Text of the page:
LGBTIQ+ advocates cheer proposed Queensland birth certificate reforms

Queensland AG Shannon Fentiman joins LGBTIQ advocates in introducing birth certificate bill
Image: Shannon Fentiman/Facebook

Queensland LGBTIQ+ group have applauded the state government’s introduction of a draft bill to make “life-changing” reforms to birth certificates benefiting transgender Queenslanders and rainbow families.

Attorney-General and Minister for Justice Shannon Fentiman introduced the Births, Deaths and Marriages Registration Bill 2022 to parliament on Friday.

She said the laws would “strengthen the legal recognition of trans and gender diverse people, and better recognising contemporary family and parenting in our modern society.”

In a key change, trans and gender diverse people would no longer be required to have undergone sexual reassignment surgery to register a change of sex.

“This is about making sure that a person’s legal identity matches their lived identity. [The bill] will bring Queensland into line with most other jurisdictions,” she said.

“The current Act unnecessarily medicalises the recognition of a person’s lived identity. Surgery is not always appropriate for trans people, and can be inaccessible and unaffordable as it is not covered by Medicare.”

Fentiman said under current laws, trans and gender diverse Queenslanders may face the prospect of “outing” themselves when applying for jobs, renting property or enrolling in university.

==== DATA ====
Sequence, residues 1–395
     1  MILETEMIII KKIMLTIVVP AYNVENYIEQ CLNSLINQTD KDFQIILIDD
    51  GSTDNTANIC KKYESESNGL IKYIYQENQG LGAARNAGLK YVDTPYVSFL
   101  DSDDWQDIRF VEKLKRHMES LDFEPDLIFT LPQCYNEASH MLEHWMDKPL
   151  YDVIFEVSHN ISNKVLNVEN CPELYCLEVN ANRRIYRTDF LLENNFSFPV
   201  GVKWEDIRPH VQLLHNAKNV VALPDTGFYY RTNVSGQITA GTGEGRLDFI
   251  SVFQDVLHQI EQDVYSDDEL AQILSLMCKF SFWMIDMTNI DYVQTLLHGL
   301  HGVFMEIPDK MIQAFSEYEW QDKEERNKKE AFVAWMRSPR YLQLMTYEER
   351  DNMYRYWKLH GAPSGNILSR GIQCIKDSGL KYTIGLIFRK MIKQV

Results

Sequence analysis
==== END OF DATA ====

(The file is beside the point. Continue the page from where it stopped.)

All other states and territories except for NSW and WA have already scrapped this requirement.

On Friday, Queensland advocates packed the parliament’s public gallery as the long-awaited draft legislation was introduced.

Australian Transgender Support Association Queensland (ATSAQ) President Gina Mather said the draft legislation was a “magnificent” step forward for Queensland.

It follows decades of lobbying, Gina said, including work by ATSAQ with numerous state Attorneys-General.

“Many people and groups have pushed for these changes as well. We thank the Attorney-General for making this a reality,” Gina said.

Kristine Johnson and Gina Mather at Queensland Parliament this week.
ATSAQ’s Kristine Johnson and Gina Mather, and RBWH Gender Service specialist Graham Nielsen. Image: Kristine Johnson

Current Queensland laws are ‘cruel, outdated and out of step’

Equality Australia spokesperson Ymania Brown is a Brisbane fa’afafine trans woman. She urged state MPs to support the government’s bill in the new year.

She said the changes will have a “life-changing” impact on trans and gender-diverse Queenslanders’ wellbeing.

“What most people in Australia take for granted as a simple piece of paper is, for trans and gender diverse people, the right to exist and be seen for who we are,” Brown said.

She said Queensland’s current laws are “cruel, outdated and out of step” with nearly every other state.

Ymania said having a birth certificate that doesn’t align with your gender is “a distressing experience to be forced to reveal intimate and private details about our bodies and lives, often in public settings.”